Now, how does this apply to the girl in Brazil? Let's point out that we don't know all the facts, so we have to consider a few possibilities. The doctors were saying that this 9-year old girl's body could not possibly carry these babies to term. I won't refute that, but I also imagine that if that's the case then they might very likely miscarry anyway. If they didn't miscarry, might they be able to grow long enough so that they could be taken out by cesarian section and cared for in an incubator or other technological treatments? The point is that I doubt that this girl was in IMMEDIATE danger, like say, it's Tuesday and if they don't get these babies out Tuesday night she'll die. But let's consider that she didn't miscarry and the babies did put her in serious imminent danger; then they could be removed and any possible steps taken to care for them must be taken. If they die despite medical efforts to save their lives, you must recognize that that is VERY different from intentionally killing them.

Now some of you have said that he decision is easy, that to save your kids, you would choose abortion. I hope the decision is not that easy, because we're talking about the decision to kill your grandkids. If it were my decision, I would do whatever was necessary to save all their lives, if possible. "But the doctors said she would die." Maybe, but as much respect as I have for the medical profession, they don't know everything either, nor do they have a crystal ball to tell the future. In fact, doctors told my mother she should have aborted me just on the POSSIBILITY that I might have had Downs Syndrome. My father should have been dead five years ago, except that he had a miraculous healing from asbestos cancer. Why do we have so little faith not to do all that we can to allow God to solve this in His way? (I know some of you won't accept that point, but why rush anyway?)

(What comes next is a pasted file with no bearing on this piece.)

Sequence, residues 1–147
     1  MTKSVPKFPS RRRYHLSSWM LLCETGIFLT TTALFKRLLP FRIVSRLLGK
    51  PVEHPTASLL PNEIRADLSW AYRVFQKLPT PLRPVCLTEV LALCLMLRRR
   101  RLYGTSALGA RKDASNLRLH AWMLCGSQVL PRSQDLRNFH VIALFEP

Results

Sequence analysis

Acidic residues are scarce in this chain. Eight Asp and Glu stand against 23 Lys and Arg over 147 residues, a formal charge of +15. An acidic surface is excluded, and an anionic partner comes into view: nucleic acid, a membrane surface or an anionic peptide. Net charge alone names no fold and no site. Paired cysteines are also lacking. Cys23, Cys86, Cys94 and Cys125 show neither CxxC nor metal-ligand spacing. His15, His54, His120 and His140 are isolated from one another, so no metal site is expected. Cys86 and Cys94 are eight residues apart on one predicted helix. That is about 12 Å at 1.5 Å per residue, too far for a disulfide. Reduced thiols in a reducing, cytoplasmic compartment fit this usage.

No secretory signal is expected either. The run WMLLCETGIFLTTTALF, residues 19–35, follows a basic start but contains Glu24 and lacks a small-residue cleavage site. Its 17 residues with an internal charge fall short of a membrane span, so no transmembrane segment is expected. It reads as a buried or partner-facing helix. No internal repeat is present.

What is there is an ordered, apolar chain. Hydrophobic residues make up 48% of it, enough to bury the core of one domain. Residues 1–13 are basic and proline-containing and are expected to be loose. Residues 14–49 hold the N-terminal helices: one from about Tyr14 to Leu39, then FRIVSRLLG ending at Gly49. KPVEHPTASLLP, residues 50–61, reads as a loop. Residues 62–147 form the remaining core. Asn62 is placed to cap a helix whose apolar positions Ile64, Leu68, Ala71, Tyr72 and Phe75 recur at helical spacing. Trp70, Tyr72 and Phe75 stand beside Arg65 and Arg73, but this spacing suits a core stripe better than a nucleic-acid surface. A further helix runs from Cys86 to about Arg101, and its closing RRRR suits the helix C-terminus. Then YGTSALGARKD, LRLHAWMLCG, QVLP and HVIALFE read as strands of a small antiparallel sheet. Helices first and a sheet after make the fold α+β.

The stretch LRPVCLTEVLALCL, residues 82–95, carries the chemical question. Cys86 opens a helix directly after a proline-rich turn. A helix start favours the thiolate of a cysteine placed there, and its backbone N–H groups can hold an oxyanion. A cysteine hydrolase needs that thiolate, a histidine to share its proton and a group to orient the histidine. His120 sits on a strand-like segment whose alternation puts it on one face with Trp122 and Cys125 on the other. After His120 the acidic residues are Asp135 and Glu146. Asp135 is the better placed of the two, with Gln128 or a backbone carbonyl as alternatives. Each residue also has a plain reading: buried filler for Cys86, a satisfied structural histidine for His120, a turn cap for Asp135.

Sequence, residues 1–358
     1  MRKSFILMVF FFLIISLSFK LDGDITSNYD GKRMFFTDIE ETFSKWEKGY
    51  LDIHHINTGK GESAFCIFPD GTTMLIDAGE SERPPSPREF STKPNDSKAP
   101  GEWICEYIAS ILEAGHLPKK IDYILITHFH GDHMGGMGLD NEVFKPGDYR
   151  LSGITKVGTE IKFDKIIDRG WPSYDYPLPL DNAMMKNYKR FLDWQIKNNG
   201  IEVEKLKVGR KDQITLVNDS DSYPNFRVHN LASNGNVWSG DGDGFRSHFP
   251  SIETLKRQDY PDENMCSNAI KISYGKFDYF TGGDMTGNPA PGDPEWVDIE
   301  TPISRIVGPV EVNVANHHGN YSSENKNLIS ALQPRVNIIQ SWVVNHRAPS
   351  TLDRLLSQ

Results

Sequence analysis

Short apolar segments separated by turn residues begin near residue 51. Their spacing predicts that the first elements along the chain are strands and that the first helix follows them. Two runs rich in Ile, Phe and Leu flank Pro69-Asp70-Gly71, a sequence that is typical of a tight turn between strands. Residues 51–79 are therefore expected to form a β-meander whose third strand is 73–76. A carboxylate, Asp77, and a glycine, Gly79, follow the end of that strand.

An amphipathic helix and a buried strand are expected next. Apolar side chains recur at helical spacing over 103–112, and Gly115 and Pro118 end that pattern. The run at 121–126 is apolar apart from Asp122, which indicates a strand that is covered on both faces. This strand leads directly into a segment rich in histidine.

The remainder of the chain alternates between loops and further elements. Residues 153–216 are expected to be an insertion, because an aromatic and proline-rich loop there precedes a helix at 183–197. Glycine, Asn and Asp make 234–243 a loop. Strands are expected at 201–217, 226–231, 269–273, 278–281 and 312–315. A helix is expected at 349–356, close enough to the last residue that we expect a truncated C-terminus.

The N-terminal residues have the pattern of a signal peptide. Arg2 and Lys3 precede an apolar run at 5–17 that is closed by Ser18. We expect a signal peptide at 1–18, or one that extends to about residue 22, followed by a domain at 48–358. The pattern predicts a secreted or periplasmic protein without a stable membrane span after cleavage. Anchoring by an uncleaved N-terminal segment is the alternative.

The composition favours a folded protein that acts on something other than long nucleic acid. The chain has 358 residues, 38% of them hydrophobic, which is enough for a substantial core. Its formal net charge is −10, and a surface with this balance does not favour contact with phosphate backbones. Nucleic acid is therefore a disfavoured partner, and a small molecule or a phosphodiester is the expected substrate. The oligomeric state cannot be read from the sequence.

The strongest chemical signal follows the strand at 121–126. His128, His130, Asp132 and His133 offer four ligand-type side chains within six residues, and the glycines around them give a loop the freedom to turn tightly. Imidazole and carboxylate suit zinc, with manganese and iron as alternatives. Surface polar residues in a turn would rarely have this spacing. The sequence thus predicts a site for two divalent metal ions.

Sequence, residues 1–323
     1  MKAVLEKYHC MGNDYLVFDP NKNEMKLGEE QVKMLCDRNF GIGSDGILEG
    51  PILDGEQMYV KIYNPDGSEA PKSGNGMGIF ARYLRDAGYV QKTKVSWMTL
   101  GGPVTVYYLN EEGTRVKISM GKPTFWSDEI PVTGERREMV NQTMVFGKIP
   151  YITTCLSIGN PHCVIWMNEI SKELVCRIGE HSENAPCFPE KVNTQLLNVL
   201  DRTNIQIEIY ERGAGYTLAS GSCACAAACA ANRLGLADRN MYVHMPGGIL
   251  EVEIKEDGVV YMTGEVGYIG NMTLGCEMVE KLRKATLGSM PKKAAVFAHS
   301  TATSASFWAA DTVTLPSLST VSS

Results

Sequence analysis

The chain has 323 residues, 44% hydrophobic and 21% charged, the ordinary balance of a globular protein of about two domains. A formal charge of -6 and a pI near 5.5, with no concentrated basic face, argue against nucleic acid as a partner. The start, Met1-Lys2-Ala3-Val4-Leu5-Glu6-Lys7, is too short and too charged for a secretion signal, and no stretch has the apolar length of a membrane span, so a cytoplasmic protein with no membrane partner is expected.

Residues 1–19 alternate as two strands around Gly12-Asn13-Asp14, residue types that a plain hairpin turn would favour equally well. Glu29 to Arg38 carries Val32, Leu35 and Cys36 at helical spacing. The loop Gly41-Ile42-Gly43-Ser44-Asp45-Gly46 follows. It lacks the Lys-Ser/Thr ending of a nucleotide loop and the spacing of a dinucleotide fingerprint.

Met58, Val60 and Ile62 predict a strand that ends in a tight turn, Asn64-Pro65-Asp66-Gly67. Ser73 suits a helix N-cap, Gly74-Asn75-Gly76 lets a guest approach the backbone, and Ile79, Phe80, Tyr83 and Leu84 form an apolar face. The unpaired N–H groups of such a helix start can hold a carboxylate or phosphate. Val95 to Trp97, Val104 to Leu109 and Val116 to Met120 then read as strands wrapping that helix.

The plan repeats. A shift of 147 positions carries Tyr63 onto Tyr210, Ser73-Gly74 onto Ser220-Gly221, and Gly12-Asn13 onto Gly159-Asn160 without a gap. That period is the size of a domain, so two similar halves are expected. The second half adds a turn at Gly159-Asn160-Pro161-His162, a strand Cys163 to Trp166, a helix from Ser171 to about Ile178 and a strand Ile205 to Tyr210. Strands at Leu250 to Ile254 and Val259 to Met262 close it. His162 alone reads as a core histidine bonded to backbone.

I've also been called naive for my position; we can't always look to the textbook, etc. But if we don't study the textbook how can we expect to pass the test? If we don't understand these moral choices and how to come to moral decisions, how can we expect to come to the right decision when faced with difficulty in real life?

Again, abortion didn't magically become morally right because the mother is a young girl. Expedient? Yes. Tempting? I'll even admit that. But right? No. If abortion is wrong, it is wrong because of what it is.

One last point--more outrage and anger have been expressed over the fact that the Church is being consistent to say that abortion is wrong, even in this case, than is being expressed over the fact that some jerk raped a 9 year-old girl.


Anonymous said...

The comment says:
"But let's consider that she didn't miscarry and the babies did put her in serious imminent danger; then they could be removed and any possible steps taken to care for them must be taken. If they die despite medical efforts to save their lives, you must recognize that that is VERY different from intentionally killing them."

Removed - how? If the fetuses aren't yet viable at the moment when there is imminent danger for the girl, isn't this a classical reason for therapeutical abortion? I don't imagine a doctor that would say that a c-section for removing two unviable fetuses can be safer for an endangered mother of her age than an abortion.

Mike in CT said...


I never said that any of the options were without risk.

But I take your point which I will address in a separate post.